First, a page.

Breastfeeding Your Baby

Breastfeeding your baby is healthy for you and your baby. Here are some reasons why breastfeeding your baby is best:

• Breast milk can help protect your baby against illness. It can protect her from allergies. The American Academy of Pediatrics says it’s good for babies to be breastfed for the first year of life.

• It’s best for mom. Many breastfeeding mothers lose the weight they gained while pregnant faster than mothers who do not breastfeed.

• It creates a bond between mother and baby. You can learn your baby’s signals faster.

• Breast milk is easier to digest than formula and you don’t have to prepare bottles or formula. Breast milk is always ready. Babies do not become constipated from breast milk.

Each baby has her own breastfeeding schedule.

Some babies need to nurse more often than others do. In general, nursing babies need to be fed at least eight to 12 times in a 24-hour period.

That means feedings every two to three hours. If your baby has not fed for several hours and then dozes off after only a few minutes of nursing, gently wake her to encourage her to continue nursing.

Try to help your baby breastfeed until your breasts are emptied of milk or at least 15 minutes from each breast.

Looking for a way for you and baby to be more comfortable while breast feeding? Click on the pink or blue picture below....

Pollywog Baby Nursing Positioner Pillow

If you have any questions or problems with breastfeeding, talk to your doctor, nurse or WIC breastfeeding counselor.

To learn more about breastfeeding your baby, you can call La Leche League at 1-800-LALECHE or visit their Web site at Follow your baby’s lead. Babies tend to get as much milk as they need when you let them nurse when they want and for as long as they want.

The more your baby nurses, the more milk you will produce. Your milk supply will keep up with your baby’s demand.

How do you know when your baby is hungry? Here are some hunger signs to be aware of:

Early hunger signs: • Head moves toward voice, mouth opens • Lips smack, tongue reaches outward • Hands move "randomly" • Fists find mouth • Infant begins fussing

Late hunger signs: • Brow furrows • Mouth widens, head moves quickly from side to side • Fists clench, seeking the mouth • Baby cries

Formula Feeding

How you feed your baby is up to you. Breastfeeding is best for you and your baby. But there may be reasons why you will need to feed your baby infant formula.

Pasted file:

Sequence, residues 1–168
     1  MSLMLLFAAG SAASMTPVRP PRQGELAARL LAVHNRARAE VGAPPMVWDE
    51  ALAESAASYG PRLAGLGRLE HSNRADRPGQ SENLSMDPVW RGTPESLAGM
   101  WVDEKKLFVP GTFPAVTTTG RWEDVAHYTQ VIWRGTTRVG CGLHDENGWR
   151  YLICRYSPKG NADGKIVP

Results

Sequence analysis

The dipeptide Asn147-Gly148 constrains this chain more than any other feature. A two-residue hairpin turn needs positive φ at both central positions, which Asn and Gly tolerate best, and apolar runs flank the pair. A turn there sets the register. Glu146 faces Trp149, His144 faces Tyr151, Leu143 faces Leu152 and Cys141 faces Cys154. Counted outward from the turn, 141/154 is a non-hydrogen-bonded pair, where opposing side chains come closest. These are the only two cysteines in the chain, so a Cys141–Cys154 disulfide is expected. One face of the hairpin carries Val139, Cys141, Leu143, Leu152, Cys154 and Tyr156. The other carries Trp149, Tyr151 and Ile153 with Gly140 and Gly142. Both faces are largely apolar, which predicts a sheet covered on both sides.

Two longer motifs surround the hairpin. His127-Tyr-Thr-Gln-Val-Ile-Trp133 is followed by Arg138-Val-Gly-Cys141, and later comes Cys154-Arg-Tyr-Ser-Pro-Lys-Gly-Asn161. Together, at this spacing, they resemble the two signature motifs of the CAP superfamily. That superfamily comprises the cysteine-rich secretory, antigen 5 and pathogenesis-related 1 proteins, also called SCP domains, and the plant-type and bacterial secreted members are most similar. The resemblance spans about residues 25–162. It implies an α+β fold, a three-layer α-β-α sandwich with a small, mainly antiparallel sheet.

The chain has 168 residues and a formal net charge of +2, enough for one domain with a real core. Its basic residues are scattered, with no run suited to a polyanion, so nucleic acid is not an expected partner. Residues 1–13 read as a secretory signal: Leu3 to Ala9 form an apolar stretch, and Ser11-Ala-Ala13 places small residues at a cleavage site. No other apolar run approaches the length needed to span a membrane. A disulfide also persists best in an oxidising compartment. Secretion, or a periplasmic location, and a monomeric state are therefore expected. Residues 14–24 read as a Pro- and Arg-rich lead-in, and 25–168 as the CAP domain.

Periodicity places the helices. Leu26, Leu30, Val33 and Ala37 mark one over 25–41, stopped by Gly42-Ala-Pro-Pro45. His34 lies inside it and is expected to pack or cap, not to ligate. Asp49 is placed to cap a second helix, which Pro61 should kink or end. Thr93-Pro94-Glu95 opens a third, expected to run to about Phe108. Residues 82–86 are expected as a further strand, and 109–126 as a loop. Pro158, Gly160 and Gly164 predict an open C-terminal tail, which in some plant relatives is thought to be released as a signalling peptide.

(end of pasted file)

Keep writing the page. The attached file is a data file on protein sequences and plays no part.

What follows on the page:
Remember always to hold your baby while bottle feeding. Never put the bottle in your baby’s mouth and leave her.

Here are the three basic types of formula:

• Powdered formulas that are mixed with water • Liquid concentrates that are mixed with water • Pre-mixed formulas ready to put in the bottle or already in ready-to-feed bottles

When you mix powdered formulas or liquid concentrate formulas, follow the package directions exactly and add just the right amount of clean water.

Be sure not to add too much or too little water. If the formula is premixed and ready-to-feed, do not add any water.

Talk to your doctor about the best formula for your baby. Protect Your Baby’s Future Teeth

Even when your baby is only two months old, you should keep her gums healthy and clean.

Gently wipe her gums with a wet, clean, soft cloth every day. The most important thing to remember is never to put your baby to bed with a bottle. And never prop up the bottle at any time.

Any kind of drink except water can cause a baby’s teeth to decay, even breast milk and infant formula.

Other liquids that cause tooth decay are powdered fruit drinks, soda and juice. Any drink that contains sugar can cause tooth decay when your baby gets older. A two-month-old baby should drink only breast milk, formula or water.

Here are some tips to follow to protect your baby’s teeth:

• Always hold your baby during feedings. Do not prop up the bottle or leave a bottle in your baby’s bed.

• If your baby needs a pacifier at bedtime, make sure it is clean and dry. Do not dip the pacifier in honey or sweet liquids. Your baby might like the sweet taste, but these liquids will cause tooth decay when her teeth come in. Germs in honey can also make a baby sick.

• Help prevent the spread of germs to your baby. You and your family should have regular dental checkups to help keep your own teeth and gums healthy. Clean the nipples of your baby’s pacifiers and bottles by washing with soap and rinsing carefully and thoroughly with clean water.